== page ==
CINCINNATI - Kathleen Matchinga has a lot on her mind these days running Val-Air Valet Parking in Hebron, adjacent to the Cincinnati/Northern Kentucky International Airport.
However, another topic that was top-of-mind Thursday was tolls to help pay for the Brent Spence Bridge replacement.
"My customers and I use the bridge every day," she said. "If there are going to be tolls, we'd like to know what those tolls are going to be."
Both Ohio Governor John Kasich and Kentucky Governor Steve Beshear made it clear Wednesday tolls will have to be part of a financing package for the $2.5 billion project.
"The reason tolls will be on the bridge is to pay for the financing that we do," Gov. Beshear said.
Gov. Kasich added, "We don't want a toll to create any sort of slush fund. We're tolling for the purposes of just building the bridge."
However, the amount of the toll has not been determined.
"There's no way to project that at this point because it depends upon so many things," Gov. Beshear said. "It depends upon what it will end up costing us."
There may be an indication of the fee when a "Value for Money Study" is completed in late January or early February.
That study is being conducted to help the Kentucky General Assembly prepare the appropriate legislation for the project. The pre-financing plan has to be done by the end of next year so ground can be broken for the first phase of the project in early 2014.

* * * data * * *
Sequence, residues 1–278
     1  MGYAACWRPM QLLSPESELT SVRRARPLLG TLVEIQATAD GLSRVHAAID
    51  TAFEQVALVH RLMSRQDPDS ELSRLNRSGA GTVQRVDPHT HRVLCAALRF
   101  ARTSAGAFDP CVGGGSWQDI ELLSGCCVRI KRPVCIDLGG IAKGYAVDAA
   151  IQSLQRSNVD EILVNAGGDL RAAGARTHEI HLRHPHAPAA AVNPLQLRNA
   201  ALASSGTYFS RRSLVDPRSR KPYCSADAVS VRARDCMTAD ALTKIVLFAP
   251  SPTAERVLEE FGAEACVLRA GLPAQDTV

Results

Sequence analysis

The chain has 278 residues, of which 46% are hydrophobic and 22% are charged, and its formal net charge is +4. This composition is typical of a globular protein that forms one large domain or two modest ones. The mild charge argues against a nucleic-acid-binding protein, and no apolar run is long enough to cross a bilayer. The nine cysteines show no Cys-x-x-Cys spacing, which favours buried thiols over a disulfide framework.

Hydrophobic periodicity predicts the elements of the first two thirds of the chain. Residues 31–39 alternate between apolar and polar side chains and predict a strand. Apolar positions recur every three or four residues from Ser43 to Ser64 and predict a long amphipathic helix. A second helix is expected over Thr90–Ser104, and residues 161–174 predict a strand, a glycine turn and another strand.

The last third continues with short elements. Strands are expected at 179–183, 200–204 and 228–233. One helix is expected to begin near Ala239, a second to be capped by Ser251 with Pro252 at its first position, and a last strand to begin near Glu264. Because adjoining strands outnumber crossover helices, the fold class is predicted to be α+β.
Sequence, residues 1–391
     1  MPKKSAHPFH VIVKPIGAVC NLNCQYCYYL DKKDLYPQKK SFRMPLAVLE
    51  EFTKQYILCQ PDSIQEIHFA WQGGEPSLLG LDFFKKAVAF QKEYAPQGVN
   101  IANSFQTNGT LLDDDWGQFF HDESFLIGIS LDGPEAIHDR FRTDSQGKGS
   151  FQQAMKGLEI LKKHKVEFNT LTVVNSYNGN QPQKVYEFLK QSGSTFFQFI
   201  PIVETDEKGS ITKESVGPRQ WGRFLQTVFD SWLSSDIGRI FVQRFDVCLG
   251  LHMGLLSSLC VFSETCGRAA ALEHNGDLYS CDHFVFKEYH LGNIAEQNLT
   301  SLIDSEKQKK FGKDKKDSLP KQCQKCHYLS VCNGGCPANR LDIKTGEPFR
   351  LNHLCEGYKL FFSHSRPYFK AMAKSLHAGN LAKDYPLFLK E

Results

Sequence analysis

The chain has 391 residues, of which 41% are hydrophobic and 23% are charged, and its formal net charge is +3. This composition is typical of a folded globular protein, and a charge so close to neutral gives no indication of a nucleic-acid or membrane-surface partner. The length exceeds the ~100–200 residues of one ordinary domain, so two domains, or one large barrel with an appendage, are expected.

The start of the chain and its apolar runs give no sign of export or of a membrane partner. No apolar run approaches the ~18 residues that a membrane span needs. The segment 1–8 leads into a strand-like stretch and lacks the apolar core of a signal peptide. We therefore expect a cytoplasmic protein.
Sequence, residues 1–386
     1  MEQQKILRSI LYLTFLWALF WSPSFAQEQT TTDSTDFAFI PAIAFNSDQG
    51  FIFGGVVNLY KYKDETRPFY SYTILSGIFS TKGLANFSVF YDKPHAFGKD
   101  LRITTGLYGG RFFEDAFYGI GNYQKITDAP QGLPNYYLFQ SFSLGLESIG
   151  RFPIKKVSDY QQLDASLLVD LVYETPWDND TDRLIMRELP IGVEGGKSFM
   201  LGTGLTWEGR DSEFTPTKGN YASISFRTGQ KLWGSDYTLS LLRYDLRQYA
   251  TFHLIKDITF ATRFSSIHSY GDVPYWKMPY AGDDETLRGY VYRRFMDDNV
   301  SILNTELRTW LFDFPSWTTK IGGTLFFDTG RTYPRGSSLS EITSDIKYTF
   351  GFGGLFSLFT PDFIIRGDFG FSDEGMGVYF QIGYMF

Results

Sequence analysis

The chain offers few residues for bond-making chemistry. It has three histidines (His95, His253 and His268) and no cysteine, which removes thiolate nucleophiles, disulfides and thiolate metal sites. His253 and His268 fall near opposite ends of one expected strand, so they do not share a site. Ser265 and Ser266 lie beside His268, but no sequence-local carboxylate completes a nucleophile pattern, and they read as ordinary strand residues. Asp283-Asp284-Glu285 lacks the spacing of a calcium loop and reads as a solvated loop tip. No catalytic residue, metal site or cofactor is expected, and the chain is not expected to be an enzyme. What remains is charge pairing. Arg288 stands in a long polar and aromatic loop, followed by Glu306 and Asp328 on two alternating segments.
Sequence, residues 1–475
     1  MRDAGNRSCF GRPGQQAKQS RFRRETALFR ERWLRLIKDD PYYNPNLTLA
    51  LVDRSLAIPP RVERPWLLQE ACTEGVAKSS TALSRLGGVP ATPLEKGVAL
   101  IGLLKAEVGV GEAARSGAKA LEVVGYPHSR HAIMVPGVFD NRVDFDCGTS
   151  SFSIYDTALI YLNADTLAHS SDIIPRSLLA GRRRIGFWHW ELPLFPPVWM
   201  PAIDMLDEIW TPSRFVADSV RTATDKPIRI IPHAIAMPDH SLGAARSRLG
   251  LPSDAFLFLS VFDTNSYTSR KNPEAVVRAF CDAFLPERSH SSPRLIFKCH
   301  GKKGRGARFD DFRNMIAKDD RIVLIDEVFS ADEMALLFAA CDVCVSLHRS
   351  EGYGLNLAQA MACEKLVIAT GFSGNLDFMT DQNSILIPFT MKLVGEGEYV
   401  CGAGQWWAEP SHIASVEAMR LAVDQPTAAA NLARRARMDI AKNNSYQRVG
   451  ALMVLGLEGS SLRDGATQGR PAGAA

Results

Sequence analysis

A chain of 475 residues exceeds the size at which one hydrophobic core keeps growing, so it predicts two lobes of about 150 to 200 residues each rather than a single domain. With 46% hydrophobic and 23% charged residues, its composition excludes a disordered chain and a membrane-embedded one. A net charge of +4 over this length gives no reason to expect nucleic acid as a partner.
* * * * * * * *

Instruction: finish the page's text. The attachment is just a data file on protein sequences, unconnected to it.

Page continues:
There's still resistance to tolling by some members of the Northern Kentucky delegation in Frankfort.
Tolls are part of the financing package for the two bridges being built in Louisville that connect Kentucky and Indiana.
However, Chuck Wolfe, spokesperson for the Kentucky Transportation Cabinet, said those rates have yet to be set.
National transportation experts say tolls that help finance bridge projects can range from $1 to $15, based on the type of vehicle and the time of day.
The Ohio Turnpike in northern Ohio charges tolls per mile driven by seven vehicle classes. It costs cars 7 cents a mile if cash is used and 5 cents a mile for the EZ Pass program. It's 18 cents per mile for trucks, whose drivers pay in cash, and 15 cents per mile for EZ Pass users.
As entrepreneur Bill Cunningham digested the Brent Spence information Thursday, the President of One More Pallet had several questions for which he sought answers.
"I'd be interested in knowing what kind of technology they're going to use to collect the tolls and how they are going to make everybody pay?" Cunningham said.
One option is the previously referenced EZ Pass program. Another might be cameras that take pictures of license plates on vehicles that don't pay the tolls. It's unlikely that old-fashioned catch baskets for change will be used.
The bottom line is that the bridge replacement project is on the fast track.
"We're going to build this bridge," Gov. Kasich stated. "We're going to get this done."
Gov. Beshear added, "I think we're going to find the best way and the cheapest way to get the job done."
He pointed out that the original cost estimate for the two Louisville area bridges approached $4.2 billion. However, when all was said and done, the price dropped to $2.6 billion (or $1.3 billion for each span). Kentucky is building one of the spans and Indiana the other.
Similar cost reductions will be sought for the Kentucky-Ohio project.
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